Hotel Human Resources’ Five Greatest Challenges - and what to do about them

By Joyce Gioia CEO, Employer of Choice International, Inc. | March 25, 2012

Recently, we had the unfortunate experience of staying at a limited service property in North Carolina. The service levels were deplorable―broken commitments, an ice bucket left full of water for three days; one day housekeeping even skipped cleaning the room. On top of all of that, no one who knew what they were doing had ever inspected the rooms. Otherwise, they would have seen that towels had been hung backwards.

When I talked with the general manager, he mentioned low occupancy, high turnover, and his reduced staff. All this turmoil resulted in his having to work maintenance for two days. If there were ever an opportunity for a hotel version of Gordon Ramsey, this property would be an ideal prospect!

Clearly, that property was caught in an “unstoppable downward spiral”: low occupancy leads to reductions in staff, which translates to lower service levels, which results in still lower percentages of occupancy, and the beat goes on.

I made some clear suggestions to this GM, though I would be very surprised if any were ever implemented. The suggestions I made to him are in the first four Challenge/Solutions detailed in this article for you.

Challenge #1: Hiring Right

Though with the current state of unemployment, frontline workers should be easier to a recruit, it is vital that you make sure of a few key elements. First, you need to make sure that they are a good “fit” for the job itself. Their temperament must be well suited for the particular position. If the job is not a good fit to the person, the person will be unhappy and leave. For instance, we want a housekeeper who will be a good team player, someone who is somewhat people-oriented, and someone who will stick to the task until it is completed.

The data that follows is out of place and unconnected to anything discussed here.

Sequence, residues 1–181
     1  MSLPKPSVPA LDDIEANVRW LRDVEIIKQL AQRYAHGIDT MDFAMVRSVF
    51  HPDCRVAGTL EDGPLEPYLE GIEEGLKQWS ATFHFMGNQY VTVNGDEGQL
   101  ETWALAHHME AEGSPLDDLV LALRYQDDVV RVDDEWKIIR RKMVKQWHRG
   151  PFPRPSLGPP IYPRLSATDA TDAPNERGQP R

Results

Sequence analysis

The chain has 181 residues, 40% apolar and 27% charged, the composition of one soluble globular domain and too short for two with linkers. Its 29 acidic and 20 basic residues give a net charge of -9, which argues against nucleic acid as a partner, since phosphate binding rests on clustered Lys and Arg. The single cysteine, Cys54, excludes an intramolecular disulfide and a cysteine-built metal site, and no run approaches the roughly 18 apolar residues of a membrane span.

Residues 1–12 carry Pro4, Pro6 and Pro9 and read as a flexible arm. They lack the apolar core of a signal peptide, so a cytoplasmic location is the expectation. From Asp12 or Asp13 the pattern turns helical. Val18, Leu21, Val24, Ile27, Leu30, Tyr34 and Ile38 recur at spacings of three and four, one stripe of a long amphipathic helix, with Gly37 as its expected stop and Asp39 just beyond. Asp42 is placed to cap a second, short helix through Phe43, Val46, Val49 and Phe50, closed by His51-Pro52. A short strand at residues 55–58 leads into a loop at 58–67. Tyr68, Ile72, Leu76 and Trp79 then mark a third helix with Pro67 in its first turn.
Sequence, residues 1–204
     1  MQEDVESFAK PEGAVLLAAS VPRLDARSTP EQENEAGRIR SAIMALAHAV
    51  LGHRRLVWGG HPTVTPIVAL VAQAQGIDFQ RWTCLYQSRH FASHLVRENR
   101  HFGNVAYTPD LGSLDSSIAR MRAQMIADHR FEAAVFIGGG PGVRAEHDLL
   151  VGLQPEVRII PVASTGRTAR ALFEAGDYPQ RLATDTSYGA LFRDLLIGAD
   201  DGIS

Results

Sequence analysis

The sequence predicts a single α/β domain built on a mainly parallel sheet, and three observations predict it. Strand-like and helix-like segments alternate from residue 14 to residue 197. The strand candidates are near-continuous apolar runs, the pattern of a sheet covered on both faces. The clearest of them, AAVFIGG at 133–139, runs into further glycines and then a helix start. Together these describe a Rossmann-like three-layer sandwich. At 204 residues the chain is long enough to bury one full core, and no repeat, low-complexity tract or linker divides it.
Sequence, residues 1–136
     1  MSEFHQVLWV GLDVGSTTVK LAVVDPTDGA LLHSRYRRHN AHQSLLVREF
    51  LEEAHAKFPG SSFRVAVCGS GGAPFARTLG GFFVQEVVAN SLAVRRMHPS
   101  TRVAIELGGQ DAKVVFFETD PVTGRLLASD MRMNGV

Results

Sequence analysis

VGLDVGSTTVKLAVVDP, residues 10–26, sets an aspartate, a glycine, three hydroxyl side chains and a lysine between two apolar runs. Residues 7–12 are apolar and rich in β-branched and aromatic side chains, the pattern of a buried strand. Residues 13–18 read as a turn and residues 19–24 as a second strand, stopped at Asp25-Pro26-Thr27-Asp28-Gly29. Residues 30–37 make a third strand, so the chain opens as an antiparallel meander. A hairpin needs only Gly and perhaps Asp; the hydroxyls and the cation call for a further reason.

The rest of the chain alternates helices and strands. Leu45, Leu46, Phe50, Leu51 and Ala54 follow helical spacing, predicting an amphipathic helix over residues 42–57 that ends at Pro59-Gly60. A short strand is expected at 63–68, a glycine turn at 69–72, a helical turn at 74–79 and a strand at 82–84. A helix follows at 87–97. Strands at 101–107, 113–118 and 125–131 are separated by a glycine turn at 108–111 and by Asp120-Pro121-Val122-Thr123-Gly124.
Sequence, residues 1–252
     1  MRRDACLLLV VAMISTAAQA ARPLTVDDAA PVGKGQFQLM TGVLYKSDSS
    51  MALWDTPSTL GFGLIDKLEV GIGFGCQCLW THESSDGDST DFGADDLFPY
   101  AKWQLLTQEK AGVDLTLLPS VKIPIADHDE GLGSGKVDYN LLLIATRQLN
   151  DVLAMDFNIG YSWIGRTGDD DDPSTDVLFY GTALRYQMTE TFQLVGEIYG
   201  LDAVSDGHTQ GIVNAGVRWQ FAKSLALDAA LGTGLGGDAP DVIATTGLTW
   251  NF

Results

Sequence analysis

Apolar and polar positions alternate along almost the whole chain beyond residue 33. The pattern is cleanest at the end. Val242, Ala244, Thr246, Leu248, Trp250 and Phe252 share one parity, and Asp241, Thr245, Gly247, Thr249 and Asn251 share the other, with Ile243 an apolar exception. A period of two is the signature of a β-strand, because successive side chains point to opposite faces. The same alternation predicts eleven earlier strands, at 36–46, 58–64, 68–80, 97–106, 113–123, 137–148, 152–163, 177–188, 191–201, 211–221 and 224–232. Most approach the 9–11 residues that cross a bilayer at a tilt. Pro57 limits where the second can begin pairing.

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Guest Service: Empowering People

Excellent customer service is vitally important in all businesses but it is especially important for hotels where customer service is the lifeblood of the business. Outstanding customer service is essential in creating new customers, retaining existing customers, and cultivating referrals for future customers. Employees who meet and exceed guest expectations are critical to a hotel's success, and it begins with the hiring process. It is imperative for HR personnel to screen for and hire people who inherently possess customer-friendly traits - empathy, warmth and conscientiousness - which allow them to serve guests naturally and authentically. Trait-based hiring means considering more than just a candidate's technical skills and background; it means looking for and selecting employees who naturally desire to take care of people, who derive satisfaction and pleasure from fulfilling guests' needs, and who don't consider customer service to be a chore. Without the presence of these specific traits and attributes, it is difficult for an employee to provide genuine hospitality. Once that kind of employee has been hired, it is necessary to empower them. Some forward-thinking hotels empower their employees to proactively fix customer problems without having to wait for management approval. This employee empowerment—the permission to be creative, and even having the authority to spend money on a customer's behalf - is a resourceful way to resolve guest problems quickly and efficiently. When management places their faith in an employee's good judgment, it inspires a sense of trust and provides a sense of higher purpose beyond a simple paycheck. The April issue of the Hotel Business Review will document what some leading hotels are doing to cultivate and manage guest satisfaction in their operations.